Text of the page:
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NCAER's Business Confidence Index rises in the second quarter of 2015-16 by 6.3%
December 1, 2015

Highlights of NCAER’s most recent Business Expectations Survey for Quarter 2, 2015–16

 

  • The 94th round of the Business Expectations Survey (BES) carried out in September 2015 shows a revival of business sentiments after the Business Confidence Index (BCI) fell for two consecutive quarters. The BCI shows an increase of 6.3% in October 2015 over July 2015 on a quarter-on-quarter (q-o-q) basis. However the BCI continues to fall on a year-on-year basis (9.1%).
     
  • All but one of the four components of the BCI show improvement in sentiments between July and October 2015. Three components showing improvement in terms of percentage of respondents in October 2015 versus July 2015 are ‘overall economic conditions will improve in the next six months’, ‘financial position of firms will improve in the next six months’ and ‘present investment is climate is positive compared with six months ago’. The percentage of respondents saying that ‘present capacity utilisation is close to or above optimal level’ declines from 93.5% in July 2015 to 91.3% to October 2015.
     
  • All five sectors show improvement in business sentiments in October 2015 on a q-o-q basis. The services sector has the highest BCI followed by intermediate goods, consumer non-durables, consumer durables and capital goods in this current round. The BCI of the intermediate goods sector shows the highest q-o-q increase of 14.6%, followed by the services sector (8.8%).
     
  • All but the West show improvement in the BCI. The BCI of the South shows an increase of 25.9% followed by the East (3.7%). The BCI declines in the West by 3.9%.
     
  • Barring the ` 500 crore plus companies, which show a q-o-q decline in the BCI, all other firms show improvement. Firms with an annual turnover of less than ` 1 crore, which have the lowest BCI, show 10.5% q-o-q growth in BCI. The ` 1–10 crore firms show an improvement of 7.2%. The maximum increase has been experienced by ` 100 –500 crore firms (15.2%).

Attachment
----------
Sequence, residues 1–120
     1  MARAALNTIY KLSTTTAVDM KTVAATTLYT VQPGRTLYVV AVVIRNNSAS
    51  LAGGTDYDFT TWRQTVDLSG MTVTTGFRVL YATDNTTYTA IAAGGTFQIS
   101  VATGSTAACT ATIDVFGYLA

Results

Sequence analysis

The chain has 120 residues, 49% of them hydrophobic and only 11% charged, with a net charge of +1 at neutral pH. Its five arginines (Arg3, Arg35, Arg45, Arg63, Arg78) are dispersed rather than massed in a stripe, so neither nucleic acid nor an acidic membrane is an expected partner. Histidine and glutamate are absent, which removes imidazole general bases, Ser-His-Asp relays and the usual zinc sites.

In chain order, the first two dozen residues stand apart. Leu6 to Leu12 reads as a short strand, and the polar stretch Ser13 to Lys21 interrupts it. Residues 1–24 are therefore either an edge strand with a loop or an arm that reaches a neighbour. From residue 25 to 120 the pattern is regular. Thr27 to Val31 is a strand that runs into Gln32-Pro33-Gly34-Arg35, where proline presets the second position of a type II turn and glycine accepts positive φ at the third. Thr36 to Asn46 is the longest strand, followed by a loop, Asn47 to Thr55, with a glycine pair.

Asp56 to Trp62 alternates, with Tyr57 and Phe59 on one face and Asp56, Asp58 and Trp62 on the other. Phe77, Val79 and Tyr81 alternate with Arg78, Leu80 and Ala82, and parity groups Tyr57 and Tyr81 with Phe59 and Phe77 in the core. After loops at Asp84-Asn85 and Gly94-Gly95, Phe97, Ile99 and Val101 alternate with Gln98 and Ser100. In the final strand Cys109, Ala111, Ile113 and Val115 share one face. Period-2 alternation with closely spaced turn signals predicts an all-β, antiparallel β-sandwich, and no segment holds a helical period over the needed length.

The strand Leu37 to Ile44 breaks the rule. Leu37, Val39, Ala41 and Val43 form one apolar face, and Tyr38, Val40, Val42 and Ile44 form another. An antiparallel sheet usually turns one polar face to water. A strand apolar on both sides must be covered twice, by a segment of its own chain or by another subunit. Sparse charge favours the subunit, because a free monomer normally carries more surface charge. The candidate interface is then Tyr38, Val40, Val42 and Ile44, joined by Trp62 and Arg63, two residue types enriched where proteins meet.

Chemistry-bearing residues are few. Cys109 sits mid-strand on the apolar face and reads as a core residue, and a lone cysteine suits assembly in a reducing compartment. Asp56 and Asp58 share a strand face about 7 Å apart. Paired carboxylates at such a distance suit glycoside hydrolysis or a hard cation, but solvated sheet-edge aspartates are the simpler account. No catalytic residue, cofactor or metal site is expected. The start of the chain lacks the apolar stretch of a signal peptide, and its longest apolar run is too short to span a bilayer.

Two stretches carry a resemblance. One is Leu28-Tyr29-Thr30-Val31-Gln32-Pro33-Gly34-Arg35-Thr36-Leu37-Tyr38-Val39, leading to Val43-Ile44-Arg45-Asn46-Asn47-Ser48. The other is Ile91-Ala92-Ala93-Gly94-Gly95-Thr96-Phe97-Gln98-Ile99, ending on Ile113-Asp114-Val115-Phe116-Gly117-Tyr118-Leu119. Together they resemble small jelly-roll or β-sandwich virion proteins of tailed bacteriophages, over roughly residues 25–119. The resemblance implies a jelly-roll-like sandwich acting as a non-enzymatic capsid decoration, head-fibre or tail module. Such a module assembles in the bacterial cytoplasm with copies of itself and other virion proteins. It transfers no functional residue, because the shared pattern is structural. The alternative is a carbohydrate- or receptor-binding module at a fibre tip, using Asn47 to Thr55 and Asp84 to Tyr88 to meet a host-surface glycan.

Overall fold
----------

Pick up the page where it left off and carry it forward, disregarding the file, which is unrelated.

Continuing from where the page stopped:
• The distribution of firms by ownership type reveals improvement in the BCI in all but the public sector companies, with private limited companies rising the maximum (8%). The BCI of public sector companies has fallen by 6.3%.
     
  • Overall, sentiments regarding production, domestic sales, exports, imports of raw materials, pre-tax profits and costs are dampened in October 2015 compared to July 2015. Significant exceptions to the overall trends are the capital goods and service sectors. Labour markets continue to be weak, as expectations about hiring have only worsened from the last quarter.
     
  • The slide in the Political Confidence Index (PCI) seems to be stabilising in October 2015, when it shows a q-o-q rise of 0.3%. Components that show an increase in positive responses between July and October 2015 are ‘managing inflation’, ‘managing overall economic growth’, ‘managing conducive political climate’, and ‘managing unemployment’. Components showing a decline in positive responses in the same period are ‘managing government finances’, ‘managing exchange rate’, ‘external trade negotiations’ and ‘pushing economic reforms forward’. Increase or decrease in positive responses notwithstanding, the percentages of positive responses are not more than 60% for any of the PCI components. The percentage of positive responses is the worst for ‘managing exchange rate’ (28.5%), followed by ‘managing unemployment’ (34.9%) and ‘managing inflation’ (37.9%). The best performing parameters are ‘managing overall economic growth’ and ‘external trade negotiations (both bilateral and multilateral)’ with the percentage of positive responses being 58.8% and 55%, respectively.